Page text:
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Liang Zhao, Ann E. Elsner, Christopher A. Clark, Toco Y. Chui, Joel A. Papay, Bryan P. Haggerty, Dean A. VanNasdale, Stephen A. Burns; Semi-Automatic OCT Segmentation of Nine Retinal Layers. Invest. Ophthalmol. Vis. Sci. 2012;53(14):4092.
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© ARVO (1962-2015); The Authors (2016-present)
To develop an automatic SDOCT segmentation algorithm that provides thickness and relative locations of retinal layers. To compare results from the algorithm and human graders.
To segment retinal images, we developed a gradient-based, coarse-to-fine, dynamic programming algorithm. Since, some retinal layers produce stronger gradients than others, we incorporated two strategies to minimize the influence of strong boundaries on localization of nearby weak ones. First, the boundaries of the stronger gradients are used to limit the search area for those with weak gradients. Second, image gradient thresholding is used to equalize boundary contrasts. This coarse segmentation refined the search area for fine-level dynamic programming, based on the original gradients. This results in a coarse-to-fine segmentation procedure.SDOCT data, 3 B-scans each (superior, foveal, and inferior) of 20 deg were digitized with 1024 A-scans each from 5 normal subjects (Heidelberg Spectralis). The semi-automatic algorithm requires an operator to select a starting point at the left and right sides of each boundary segmented: ILM, NFL/GCL, IPL/INL, INL/OPL, OPL/ONL, ELM, IS/OS, OS/RPE, RPE/CH. We compared OCT segmentation results from the algorithm to results from 2 trained graders for 3 regions: nasal, temporal, and foveal.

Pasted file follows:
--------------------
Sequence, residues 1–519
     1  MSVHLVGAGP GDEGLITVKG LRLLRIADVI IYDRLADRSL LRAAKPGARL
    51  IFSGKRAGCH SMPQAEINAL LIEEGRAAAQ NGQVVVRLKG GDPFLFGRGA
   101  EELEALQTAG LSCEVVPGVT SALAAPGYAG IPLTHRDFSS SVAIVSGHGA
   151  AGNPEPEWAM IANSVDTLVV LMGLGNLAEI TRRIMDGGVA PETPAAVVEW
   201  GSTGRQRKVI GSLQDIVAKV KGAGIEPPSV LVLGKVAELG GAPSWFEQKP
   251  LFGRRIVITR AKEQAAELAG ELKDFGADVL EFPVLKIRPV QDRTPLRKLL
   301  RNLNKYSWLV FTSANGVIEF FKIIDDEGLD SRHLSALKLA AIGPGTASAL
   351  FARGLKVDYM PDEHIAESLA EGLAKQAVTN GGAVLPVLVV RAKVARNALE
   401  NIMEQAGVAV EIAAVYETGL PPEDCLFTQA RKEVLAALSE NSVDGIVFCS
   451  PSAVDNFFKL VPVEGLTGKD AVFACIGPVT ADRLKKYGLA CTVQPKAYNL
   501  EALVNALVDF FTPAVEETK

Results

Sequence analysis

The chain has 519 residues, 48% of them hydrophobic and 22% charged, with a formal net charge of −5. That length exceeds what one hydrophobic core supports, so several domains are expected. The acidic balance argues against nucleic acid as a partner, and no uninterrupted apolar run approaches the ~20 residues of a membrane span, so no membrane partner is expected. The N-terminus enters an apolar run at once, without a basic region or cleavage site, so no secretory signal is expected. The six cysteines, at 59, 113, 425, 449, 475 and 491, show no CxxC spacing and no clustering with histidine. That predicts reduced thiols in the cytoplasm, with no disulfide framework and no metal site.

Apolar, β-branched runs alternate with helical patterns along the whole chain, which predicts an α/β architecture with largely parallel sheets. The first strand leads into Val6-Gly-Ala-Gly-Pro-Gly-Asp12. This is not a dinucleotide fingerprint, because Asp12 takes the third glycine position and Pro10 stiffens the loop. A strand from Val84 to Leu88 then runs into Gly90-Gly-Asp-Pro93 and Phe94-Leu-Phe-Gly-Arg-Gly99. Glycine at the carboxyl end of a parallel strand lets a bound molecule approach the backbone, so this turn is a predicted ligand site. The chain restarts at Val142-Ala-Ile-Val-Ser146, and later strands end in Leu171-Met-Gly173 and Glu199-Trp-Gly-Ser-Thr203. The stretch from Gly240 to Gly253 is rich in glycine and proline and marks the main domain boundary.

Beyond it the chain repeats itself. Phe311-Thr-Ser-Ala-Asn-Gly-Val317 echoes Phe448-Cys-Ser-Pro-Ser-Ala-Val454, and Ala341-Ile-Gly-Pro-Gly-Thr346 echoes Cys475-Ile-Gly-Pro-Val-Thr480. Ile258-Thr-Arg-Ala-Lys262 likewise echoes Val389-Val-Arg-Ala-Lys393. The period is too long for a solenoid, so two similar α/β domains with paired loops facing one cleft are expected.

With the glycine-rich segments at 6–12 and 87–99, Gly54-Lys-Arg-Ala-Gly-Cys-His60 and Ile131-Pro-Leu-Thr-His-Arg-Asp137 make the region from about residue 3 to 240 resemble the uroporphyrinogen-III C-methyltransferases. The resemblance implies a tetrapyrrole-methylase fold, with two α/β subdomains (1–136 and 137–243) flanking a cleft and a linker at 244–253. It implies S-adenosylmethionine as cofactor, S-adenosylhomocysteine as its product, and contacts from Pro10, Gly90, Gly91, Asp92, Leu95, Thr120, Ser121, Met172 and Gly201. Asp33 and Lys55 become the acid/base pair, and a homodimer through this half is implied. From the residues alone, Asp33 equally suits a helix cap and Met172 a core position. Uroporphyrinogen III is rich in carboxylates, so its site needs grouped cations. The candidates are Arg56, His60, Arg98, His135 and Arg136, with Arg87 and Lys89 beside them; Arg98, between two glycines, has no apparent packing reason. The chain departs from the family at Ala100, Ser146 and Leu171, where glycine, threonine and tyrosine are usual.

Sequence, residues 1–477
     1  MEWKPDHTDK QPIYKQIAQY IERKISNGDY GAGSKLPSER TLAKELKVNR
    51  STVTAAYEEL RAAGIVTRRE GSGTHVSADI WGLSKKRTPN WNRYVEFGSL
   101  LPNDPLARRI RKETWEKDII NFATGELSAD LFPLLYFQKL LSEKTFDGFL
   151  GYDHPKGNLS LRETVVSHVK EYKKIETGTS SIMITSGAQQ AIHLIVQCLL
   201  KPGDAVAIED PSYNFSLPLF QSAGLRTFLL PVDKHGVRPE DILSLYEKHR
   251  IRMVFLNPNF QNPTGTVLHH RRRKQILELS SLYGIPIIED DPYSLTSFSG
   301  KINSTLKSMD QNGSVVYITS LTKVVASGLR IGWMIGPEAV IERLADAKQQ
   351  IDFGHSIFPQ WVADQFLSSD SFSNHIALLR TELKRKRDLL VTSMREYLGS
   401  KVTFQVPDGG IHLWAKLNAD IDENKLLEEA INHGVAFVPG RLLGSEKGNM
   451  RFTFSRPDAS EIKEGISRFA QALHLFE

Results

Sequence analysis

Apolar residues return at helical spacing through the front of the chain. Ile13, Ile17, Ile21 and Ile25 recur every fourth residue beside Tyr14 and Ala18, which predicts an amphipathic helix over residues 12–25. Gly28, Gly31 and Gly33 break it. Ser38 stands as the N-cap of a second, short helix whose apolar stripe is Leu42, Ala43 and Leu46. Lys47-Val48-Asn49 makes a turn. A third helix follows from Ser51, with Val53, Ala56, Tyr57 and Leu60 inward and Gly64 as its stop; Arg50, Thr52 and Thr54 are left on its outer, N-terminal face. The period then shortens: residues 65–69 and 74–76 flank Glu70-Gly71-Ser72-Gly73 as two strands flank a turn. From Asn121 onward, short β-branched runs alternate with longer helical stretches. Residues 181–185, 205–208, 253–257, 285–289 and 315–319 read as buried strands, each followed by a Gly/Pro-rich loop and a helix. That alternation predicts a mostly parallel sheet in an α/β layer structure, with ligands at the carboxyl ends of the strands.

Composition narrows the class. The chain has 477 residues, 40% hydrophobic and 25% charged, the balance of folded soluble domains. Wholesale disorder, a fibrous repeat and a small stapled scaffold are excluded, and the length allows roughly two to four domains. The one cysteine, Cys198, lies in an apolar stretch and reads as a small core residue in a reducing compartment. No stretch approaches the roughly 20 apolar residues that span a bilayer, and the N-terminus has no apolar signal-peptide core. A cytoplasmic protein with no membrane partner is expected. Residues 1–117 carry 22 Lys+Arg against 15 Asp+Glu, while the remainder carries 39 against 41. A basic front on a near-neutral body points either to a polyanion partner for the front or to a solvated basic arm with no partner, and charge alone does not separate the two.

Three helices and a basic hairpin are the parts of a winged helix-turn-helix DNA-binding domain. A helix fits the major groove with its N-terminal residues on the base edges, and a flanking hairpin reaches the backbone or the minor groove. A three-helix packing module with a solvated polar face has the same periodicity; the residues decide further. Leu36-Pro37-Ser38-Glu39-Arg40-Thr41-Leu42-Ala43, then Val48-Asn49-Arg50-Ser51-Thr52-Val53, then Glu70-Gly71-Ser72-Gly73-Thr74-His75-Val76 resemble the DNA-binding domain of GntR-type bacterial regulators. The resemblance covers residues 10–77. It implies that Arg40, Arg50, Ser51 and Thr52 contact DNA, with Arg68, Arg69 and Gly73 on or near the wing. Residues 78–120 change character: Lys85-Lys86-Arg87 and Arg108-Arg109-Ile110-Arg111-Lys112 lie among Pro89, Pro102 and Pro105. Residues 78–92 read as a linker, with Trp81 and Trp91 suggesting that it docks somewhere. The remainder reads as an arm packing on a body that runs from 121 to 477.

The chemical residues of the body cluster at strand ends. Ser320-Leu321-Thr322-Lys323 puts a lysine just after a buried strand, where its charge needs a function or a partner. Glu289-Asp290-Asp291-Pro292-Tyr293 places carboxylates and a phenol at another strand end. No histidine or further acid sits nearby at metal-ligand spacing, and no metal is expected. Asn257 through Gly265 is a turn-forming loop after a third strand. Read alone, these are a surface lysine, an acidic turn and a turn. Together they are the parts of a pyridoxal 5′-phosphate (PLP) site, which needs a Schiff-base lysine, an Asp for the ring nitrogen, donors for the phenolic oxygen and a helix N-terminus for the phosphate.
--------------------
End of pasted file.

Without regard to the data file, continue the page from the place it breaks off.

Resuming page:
All boundaries segmented across the region of interest. Differences between the algorithm and the graders were either inconsistent across the region of interest or not found for both graders, with the exception of the ELM. The average difference between the algorithm and the graders was only 0.75 pixels. There was one small, but consistent, difference between graders and the algorithm, the ELM boundary, since graders were instructed to mark the center of the very thin ELM, and the algorithm consistently found a boundary 1.48 pixels more superficial (p < .0001, 0.004, and 0.008 for nasal, central, and temporal, respectively). A C++ software implementation took 2 min for 9 layers, vs. 12 min for manual segmentation.
The results indicate that the performance of our program is comparable with trained graders and is more efficient. The more efficient segmentation of boundaries such as those used for retinal thickness, ILM and RPE, or for monitoring retinal degeneration, IS/OS, provides the potential for larger scale normative databases for comparison with diseased eyes or biometry. Further, the small difference in ELM localization between methods allows further thickness or segmentation based on weaker gradients, e.g. ONL, by semi-automatic means that are comparable to human grading.
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